JuB: As my father was with the Ghurkhas I was born in India, in the Himalayas and we had a wonderful life out there, riding twice a day and father had to go up the North West Frontier at regular intervals, we just wanted to keep the Afghans north of the North West Frontier so they didn’t come down into India, and they took tours of duty. We got leave in England every three years and when I was nine, my, the Gurkhas themselves are only about five foot three. Wonderful, loyal, great fighters, but the Afghans pick off the big ones cause they know they’re the officers. Father was brought back from the Frontier wounded, unfortunately got another bout of malaria and died, so we had to pack up. I was nine, at the ten, time, my brother was seven. And so we packed up, came back to England with mother who was widowed at twenty nine. And I can remember coming up the Suez Canal, I hated the topees, which were cork hats, and mother said to us, “come on you can throw your topee into the sea, you won’t need it again.” And I stood at the rail, threw the topee over and burst into tears and mother said what’s the matter. I had a pet donkey in India, I adored her and we just had a lovely relationship and I said, “I’ll never see my father or my little donkey again.” We came back to England and I was sent to boarding school. It was a school for all permanent officers’ daughters in Bath. I loved it there, they were great people and when the war started, the Navy, because we were on a hill above Bath, took over the school because they wanted to signal ships in the Atlantic. So we were moved to a beautiful country house where they built classrooms. We used to sit on the stairs and have lectures with ancestral portraits peering down at us. We had science lessons in the stables and art lessons in the Orangery. And I was, took school certificate there and I left school at seventeen. I looked around for what I should do and thought of nursing, but it looked like too many bedpans, [chuckle] so we weren’t allowed to join the Air Force till we were eighteen, so I put my age up a year, went up to London with mother who had some business to do, and whilst she went, I went along to Kingsway House and enlisted. They asked me for my birth certificate and I said, “oh I was born in India.” She didn’t seem to know. Father would obviously have registered me at Somerset House, so I got away with it. [Laughter] Well the next thing I know I’m on the train with a crowd of girls and the Germans didn’t bomb, this was after Dunkirk. They didn’t bomb Morecombe or Blackpool cause they thought they’d be there themselves in a few weeks. So first of all it was Morecombe and this endless marching up and down for drill. I found the shoes awful, I think they had slabs of concrete on the bottom, and I got chilblains. It was very, very cold. Well one morning the sergeant said to us tomorrow morning put on your overshoes. These were a kind of a galosh thing that came up to your ankles and did up with two buttons. So that morning I was doing great, I was marker cause I was the tallest, and at the end of the parade the sergeant said now take off your shoe, your moccasins, for inspection. I took them off, and everybody burst out laughing! I was standing in the middle of the Morecombe parade with a pair of red moccasins on. The officer looked at me, she couldn’t charge me with not being dressed on parade cause I had been. She just shook her head and walked away. [Laughter] The next thing I knew, I was posted to the Photographic School because I told them I had played with photography at home. And it was a six month course, and we started, it was lovely because you suddenly realised the class system had gone. In the desk next to me was Rachael Tennyson, Lord Tennyson’s granddaughter. Next, the other side was little girl that had worked in a chemists shop. We were all in it together, didn’t matter what our background was. We started off with the properties of light, then we went on to different lenses on cameras. We had an exam every two weeks, if you failed an exam [whistle sound] you were off. They couldn’t waste time on you. There were eighteen of us, our only trouble was we were billeted in Blackpool and there were bed bugs in our. Some people were moved three times, luckily I was only moved once. Some of the landladies were lovely, others were awful. Well, we got through the course, and they decided we must have a passing out parade. Well there was wide driveway with a wall down one side and suddenly the officers decided they had to be elevated to take the salute so they got on top of the wall. I was glad I was marker and they couldn’t see me grinning cause we did eyes right to five pairs of black polished shoes, [interference] we couldn’t see anything else. Well after two weeks leave I was put on camera guns [/interference] and these would, guns, synchronised with the real guns and they took a photograph of anything the Spitfires would shoot at. I was sent up to Newcastle to a fighter station. And there was only one other photographer, a corporal, he was a lazy thing. So my job was, I was given a bicycle with yellow and black stripes, given a satchel with the magazines and I had to cycle round all the operative Spitfires and test the cameras every morning. Well, I was always very careful going across the end of the runway if they were using that runway cause the Spitfires used to come in very low and very fast and I realised they weren’t going to stop for me! So I got up to the squadron and a sergeant came out and said, “what are you here for?” and I said I have come to test the cameras. And the whole lot of them burst into laughter. They’ve sent a girl! They were slapping their knees and dancing about and I thought what a greeting! So I grabbed a wheel chock; they were big triangular shapes of wood, with a rope through them and they put them in front of the Spitfire wheels so they didn’t move. Now the Spitfire wing is quite high and I had to look down. So I gathered the chock, took it to the port wing between the canon and the fuselage, took a screwdriver out of my pocket, undid a little panel in the wing, checked that there was, and then I said to one of them, the mechanic, could you jump into the cockpit and just give a quick burst to the camera only button. So, being a bit surprised, he did that. Then I took the magazine out to make sure there was enough film, put it all back together [interference] again and went to the next aeroplane. Then I had to sign a Form 700 [/interference] which was everything was checked, every morning and I had to sign for the camera gun. Well, there was a bit of fighting up there and several times the Spitfires went out and I got a call one day: “One of the pilots is sure he hit something, come out and get the magazine.” I cycled out there, I couldn’t believe it. There they were, with the film like this, looking at it and I said you’ve just ruined the film, you’ve put it to the light. They wouldn’t believe me! So I said come with me back to the dark room and I’ll show you. And I wound it on a big frame and developed the film for them. And they saw it was black, cover to cover. I was surprised pilots didn’t know about that. Anyway, a little later on I got a terrible pain in my stomach and the sergeant was roaring at me to get out of bed and get going. And I said I just can’t move. A friend of mine came over, realised I had a temperature and went and got one of the medical staff: acute appendicitis. So I was put on a stretcher, loaded into an ambulance. They couldn’t find mother because she was driving an ambulance in London. And I was taken down to the hospital, bumping over the tram lines, which was extremely [emphasis] painful. We get to the hospital and the nurse that came with me was carsick, so in the middle of an air raid with all ack acks going off, she was taken in as the casualty leaving me lying outside. They at last realised they’d got the wrong people, came with a stretcher on a trolley, put me on it. As we were going in to the hospital I said to the orderlies, don’t hurry the pain’s gone. They immediately started to run, my appendix had burst. No penicillin in those days, I didn’t realise how sick I was till I came to and found mother sitting beside my bed, she’d come all the way up from London. Well, I recovered and got, all told, four weeks sick leave. It was beautiful. I went to some friends of ours in the country. They were so kind to me, and this beautiful countryside, and you could forget the war. Well, when I was told I was fit enough, I was sent to RAF station Benson. Now we only [emphasis] took photographs, that was the sole purpose of the place. There were two cameras loaded behind the Spitfire cockpits and we had some um, Mustangs, not Mustangs, it’ll come to me. They were all painted blue and, making it hard to see against the sky. And the cameras were placed so that there was always an overlap this way, cause they didn’t turn over fast enough and this camera overlapped that way so if there was a damaged negative you could make it up with the other two. They were lovely girls there and we had a common room and the men had a common room. We used to have to change the chemicals at regular intervals so they gave us - because the hypo rotted our shoes - they gave us clogs. They are the most uncomfortable thing I’ve ever worn. And we used to clatter about sounding like horses on a hollow bridge. Because you had to change the chemicals by buckets. You had to fill the bucket and go up the thing and change the, in these big machines we had. And I was always the one in the dark room. I don’t know why. You went through double doors into the dark room and there was a red pan light. You had a spool here with the film on it to be developed and it was threaded through the machine as just a spare piece of film, so you’d cut the film like this with a razor, pull out a piece of red tape, which always amused me, press it down and fold it over and cut it again with a razor blade, then you’d turn the machine on. And there were these rods that went down into the chemicals, and you slowly lowered them, there were two for water to get the film really wet, then it went into the developer. There were six, this was all in the dark, then there were two of water and two of neutraliser and then the film went through a little rubber letterbox, and was finished in the open. There were three of us in a crew working these machines. The one in the middle saw that everything was developing correctly and washing correctly. There was a viewing chamber as it went up onto the dryer, which was long fluorescent lighting with warm air being blown through it and it would go round this and someone at the end would see that it spooled up properly. Then it went through to the printers which had similar machines, but just printing, only. When that was finished all the films were bundled up and sent over to Intelligence for a quick look at what we’d got. It was nearly awaysl of bombing raids to see the damage we’d done or not done. Then it was sent to Medmenham, which was the Central Intelligence Unit, for final analysis. We used to have in the hall a huge what we called the Sortie Board, which listed the sortie number and its ETA so that we had an idea and when it arrived it was put down as arrived, when it went into the developing, when it went into the printing and when it was finished was all noted down. The sadness comes if someone came down and drew a line right through it. Plane was missing. Sometimes they landed at another airfield, sometimes: the inevitable. I always admired those pilots because they had to fly with no guns because the cameras were so heavy. They had to get to the target, fly up and down, taking photos, then scoot for home, and they knew that the Germans gave their pilots a bonus if they shot down a reconnaissance plane. We used to get a lot of requests for shipping movements, troop movements, where things were. We found in one stage the Tirpitz in a Norwegian Fjord and they got her when she came out. We also found the Bismark, took photographs of the Scharnhorst and Gneisenau that were bombed. And all together it was an extremely interesting but stressful job because you couldn’t make mistakes. The girls were lovely, I never had any argument, none of us did, and when there was no flying we’d all sit in the common room and do beautiful needlework or knitting or something. We were in a separate hut, the photographers. Well, one night the sirens went and it was freezing, I was a corporal then, and I said to the girls, do you want to go down the shelter, which was what we were meant to do. No. So I said stay here, these shelters were very nice concrete but there’s steps going down and water run down and when you got to the shelter you were sitting ankle deep in ice cold water! So we stayed where we were, suddenly after a lot of running round in the thing, the door burst open and a sergeant covered in mud started to curse us. “Who’s in charge here?” And I said me. “You’re on a charge for disobeying an order!” Cause they’d opened up the shelter and found nothing. So next morning I was in front of the CO, so he said to me – after the usual charging - why didn’t you go down there, and I said I had a feeling. So he caught on and put it down to women’s intuition. Actually, my only feeling was it was too damn cold” So I got off. [Laugh] So, well I was there for about four years I think it was, and then I was sent to Medmenham. That was all enlargement work and specialised work, but there were no aeroplanes, I really didn’t enjoy it. So I got a commission and I was sent to the usual training. By this time the Americans were in the thing and you know what we thought of them. You’ve heard the saying [chuckles] and I was disgusted when were sent on a talk to learn how to public speak, and the Americans just took us as, for popsies that they could pick up! Me and my friend were asked were we staying the night? We said certainly not, we’re going back to camp. They turned their back on us and went and talked to the others because we weren’t going to sleep with the devils! So that was fine. And then, I can’t remember why, I was on Windermere station and a train came in, doors flew open, this was near the end of the war, and a troop of soldiers jumped out carrying rifles and they lined up all the way down to outside the gate where there was a staff car. Two more carriages opened and two officers jumped out with their hand guns in their hand. Next thing you know the middle door opens, Rundstedt walked out. We’d captured him. He looked magnificent [emphasis] with that red general stripe down his trousers. I noticed that her wore the Iron Cross, but no [emphasis] swastikas. They put him on an island in the middle of Windermere Lake, as a prisoner. I can’t remember what happened to him in the trials afterwards. Well. Can we stop this? During the bombing, when I was in London, you think it was never, ever going to stop, just noise, noise, noise and you didn’t know what was going to happen. I used, if possible, to curl myself into a ball and recite poetry which I loved. I was always terrified of getting an arm or leg blown off and they’d feel sorry for me. Usually the bombers went home about three o’clock in the morning. And then we had the start of the doodlebugs. I was at home one day on forty eight hour leave in mother’s flat in London and the sirens had gone nine times. You forgot whether it was all clear or what, and mother always used to go into the hall of the flat cause there were no glass. I had a very interesting radio programme on – National Velvet about a horse. And she was shouting at me to come and a doodlebug went past the window. We were only on the fourth floor. There was a bit of a silence and then a great big explosion and mother said come on, we’d better go and see if we can help. We went round to a little square that was near us, all built by people that had escaped the French Revolution and it was all built in that lovely French style. The doodlebug had gone straight through one block house right down into the cellar. The house was completely gone, but standing on a landing on the top, with absolutely nothing underneath her, was a woman screaming her head off. Luckily the firemen came along with a long ladder and rescued her. And then we had the V2s coming and it was very, very difficult to find where they were coming from. And we kept taking photographs round Holland and round the coast and finally one of the intelligence girls found it at Peenemunde and she got the MBE for that, and we bombed that, which stopped quite a lot of the V2s. And then the war did end.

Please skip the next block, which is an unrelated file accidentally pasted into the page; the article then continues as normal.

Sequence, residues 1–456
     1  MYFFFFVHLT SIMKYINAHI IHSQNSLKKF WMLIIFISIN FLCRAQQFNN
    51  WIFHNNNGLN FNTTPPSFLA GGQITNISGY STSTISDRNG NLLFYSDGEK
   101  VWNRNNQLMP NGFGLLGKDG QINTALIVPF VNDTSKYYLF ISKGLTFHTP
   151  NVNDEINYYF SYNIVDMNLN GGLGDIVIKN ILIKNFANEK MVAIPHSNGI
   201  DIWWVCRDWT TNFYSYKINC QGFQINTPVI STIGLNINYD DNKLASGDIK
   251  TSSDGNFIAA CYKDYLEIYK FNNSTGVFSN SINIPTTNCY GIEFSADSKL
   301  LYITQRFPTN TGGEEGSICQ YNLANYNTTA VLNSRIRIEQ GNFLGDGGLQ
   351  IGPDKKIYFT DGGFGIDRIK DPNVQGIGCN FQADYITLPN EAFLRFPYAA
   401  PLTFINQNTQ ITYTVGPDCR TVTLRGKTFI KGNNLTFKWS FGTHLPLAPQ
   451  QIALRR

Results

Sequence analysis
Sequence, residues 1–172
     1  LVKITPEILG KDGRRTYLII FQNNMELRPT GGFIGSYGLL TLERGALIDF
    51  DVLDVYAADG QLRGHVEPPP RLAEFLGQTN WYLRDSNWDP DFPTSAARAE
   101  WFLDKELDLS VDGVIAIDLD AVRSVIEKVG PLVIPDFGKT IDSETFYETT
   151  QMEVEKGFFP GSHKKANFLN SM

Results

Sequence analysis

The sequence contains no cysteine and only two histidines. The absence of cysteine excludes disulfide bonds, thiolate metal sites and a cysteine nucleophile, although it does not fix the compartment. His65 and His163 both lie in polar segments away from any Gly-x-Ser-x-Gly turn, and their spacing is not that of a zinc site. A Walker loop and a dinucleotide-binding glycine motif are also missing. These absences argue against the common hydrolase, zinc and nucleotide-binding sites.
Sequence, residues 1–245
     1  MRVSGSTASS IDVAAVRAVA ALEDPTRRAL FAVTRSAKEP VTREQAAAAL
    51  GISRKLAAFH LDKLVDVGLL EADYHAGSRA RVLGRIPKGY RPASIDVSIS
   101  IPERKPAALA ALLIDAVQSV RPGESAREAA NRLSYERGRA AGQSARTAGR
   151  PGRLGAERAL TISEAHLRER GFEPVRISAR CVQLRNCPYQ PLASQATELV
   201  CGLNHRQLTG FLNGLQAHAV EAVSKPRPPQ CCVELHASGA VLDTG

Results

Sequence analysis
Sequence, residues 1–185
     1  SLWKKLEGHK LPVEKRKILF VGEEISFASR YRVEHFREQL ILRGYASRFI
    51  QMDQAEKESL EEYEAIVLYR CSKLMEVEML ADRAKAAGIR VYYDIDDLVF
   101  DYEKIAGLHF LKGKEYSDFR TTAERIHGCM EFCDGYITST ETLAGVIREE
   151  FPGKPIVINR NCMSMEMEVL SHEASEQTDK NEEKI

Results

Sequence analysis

Jennifer Barraclough, “Interview with June Pauline Brandon,” IBCC Digital Archive, accessed July 13, 2024,